This is one of the reasons why we have today such a “colorful” software engineering world, or as my friend Heinz has mentioned, a wild west of software engineering.

Ervin Varga

Posts: 18
Nickname: evarga
Registered: Feb, 2006

Re: The Holistic Approach to Software Engineering as a Way to Handle Complexity Posted: Nov 24, 2010 10:09 AM
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>
> Knowledge should not be embedded in
> software, it should be embedded in a form that has no
> implementation details.
>

I'm puzzled here how you are going to reconcile your statement above with your earlier statement shown below:

>
> Programming languages, as they are today, make it hard
> to express that knowledge in a form that is immediately available to us.
>

Programming languages are exclusively associated with software construction, thus, they are the primary place where implementation details are kept.

Achilleas Margaritis

Posts: 674
Nickname: achilleas
Registered: Feb, 2005

Re: The Holistic Approach to Software Engineering as a Way to Handle Complexity Posted: Nov 25, 2010 4:58 AM
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> >
> > Knowledge should not be embedded in
> > software, it should be embedded in a form that has no
> > implementation details.
> >
>
> I'm puzzled here how you are going to reconcile your
> statement above with your earlier statement shown below:
>
> >
> > Programming languages, as they are today, make it hard
> > to express that knowledge in a form that is immediately
> available to us.
> >
>
> Programming languages are exclusively associated with
> software construction, thus, they are the primary place
> where implementation details are kept.

It has to be some form of programming language that is void of implementation details - it provides only the 'logic', the pure algorithms, if you wish.

Functional programming languages are quite close to that, actually.

Alex Stojan

Posts: 4
Nickname: staksi
Registered: Sep, 2010

Re: The Holistic Approach to Software Engineering as a Way to Handle Complexity Posted: Nov 25, 2010 12:17 PM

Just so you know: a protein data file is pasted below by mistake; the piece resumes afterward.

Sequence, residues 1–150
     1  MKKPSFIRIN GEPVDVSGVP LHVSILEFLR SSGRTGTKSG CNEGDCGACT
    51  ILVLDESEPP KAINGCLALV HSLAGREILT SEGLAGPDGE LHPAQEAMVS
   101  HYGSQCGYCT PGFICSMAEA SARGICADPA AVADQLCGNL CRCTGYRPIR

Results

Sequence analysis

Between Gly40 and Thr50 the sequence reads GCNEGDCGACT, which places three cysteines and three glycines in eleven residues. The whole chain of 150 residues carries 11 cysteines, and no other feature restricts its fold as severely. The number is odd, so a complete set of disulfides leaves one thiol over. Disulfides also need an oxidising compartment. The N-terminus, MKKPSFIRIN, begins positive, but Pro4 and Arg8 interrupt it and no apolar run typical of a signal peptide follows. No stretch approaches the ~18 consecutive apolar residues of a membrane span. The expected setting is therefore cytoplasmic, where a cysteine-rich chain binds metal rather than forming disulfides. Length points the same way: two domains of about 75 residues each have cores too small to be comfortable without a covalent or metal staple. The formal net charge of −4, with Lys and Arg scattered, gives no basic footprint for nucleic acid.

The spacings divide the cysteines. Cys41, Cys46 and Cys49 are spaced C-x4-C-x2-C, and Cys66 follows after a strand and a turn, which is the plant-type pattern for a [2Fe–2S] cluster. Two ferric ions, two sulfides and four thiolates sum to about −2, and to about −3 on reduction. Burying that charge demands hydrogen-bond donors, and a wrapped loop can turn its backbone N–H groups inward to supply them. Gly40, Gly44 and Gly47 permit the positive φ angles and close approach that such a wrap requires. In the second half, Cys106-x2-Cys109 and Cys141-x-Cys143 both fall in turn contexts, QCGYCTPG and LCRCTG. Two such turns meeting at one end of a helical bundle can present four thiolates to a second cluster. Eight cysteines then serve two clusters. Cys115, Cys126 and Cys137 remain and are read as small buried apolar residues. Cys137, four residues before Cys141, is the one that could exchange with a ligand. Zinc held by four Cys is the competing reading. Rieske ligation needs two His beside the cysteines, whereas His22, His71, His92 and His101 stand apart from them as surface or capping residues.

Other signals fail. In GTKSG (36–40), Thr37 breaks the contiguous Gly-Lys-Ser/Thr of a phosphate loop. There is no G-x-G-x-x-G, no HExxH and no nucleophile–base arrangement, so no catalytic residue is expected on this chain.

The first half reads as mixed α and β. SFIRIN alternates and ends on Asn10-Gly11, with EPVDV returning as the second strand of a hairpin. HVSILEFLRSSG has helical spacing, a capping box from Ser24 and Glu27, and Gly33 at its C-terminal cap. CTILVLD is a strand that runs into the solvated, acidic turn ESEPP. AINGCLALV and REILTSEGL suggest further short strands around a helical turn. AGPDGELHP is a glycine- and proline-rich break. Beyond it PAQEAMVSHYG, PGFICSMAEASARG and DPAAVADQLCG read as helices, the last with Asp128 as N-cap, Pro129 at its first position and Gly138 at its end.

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> > >
> > > Knowledge should not be embedded in
> > > software, it should be embedded in a form that has no
> > > implementation details.
> > >
> >
> > I'm puzzled here how you are going to reconcile your
> > statement above with your earlier statement shown
> below:
> >
> > >
> > > Programming languages, as they are today, make it hard
>
> > > to express that knowledge in a form that is
> immediately
> > available to us.
> > >
> >
> > Programming languages are exclusively associated with
> > software construction, thus, they are the primary place
> > where implementation details are kept.
>
> It has to be some form of programming language that is
> void of implementation details - it provides only the
> 'logic', the pure algorithms, if you wish.
>
> Functional programming languages are quite close to that,
> actually.

Are you talking about something similar to what Alex Stepanov and Paul McJones talk about in their book "Elements of Programming", where one uses logical reasoning and abstract algebra on various properties of objects to create generic algorithms? I think STL is also close to that.

Chris Dams

Posts: 14
Nickname: chrisd
Registered: Sep, 2009

Re: The Holistic Approach to Software Engineering as a Way to Handle Complexity Posted: Nov 26, 2010 4:39 AM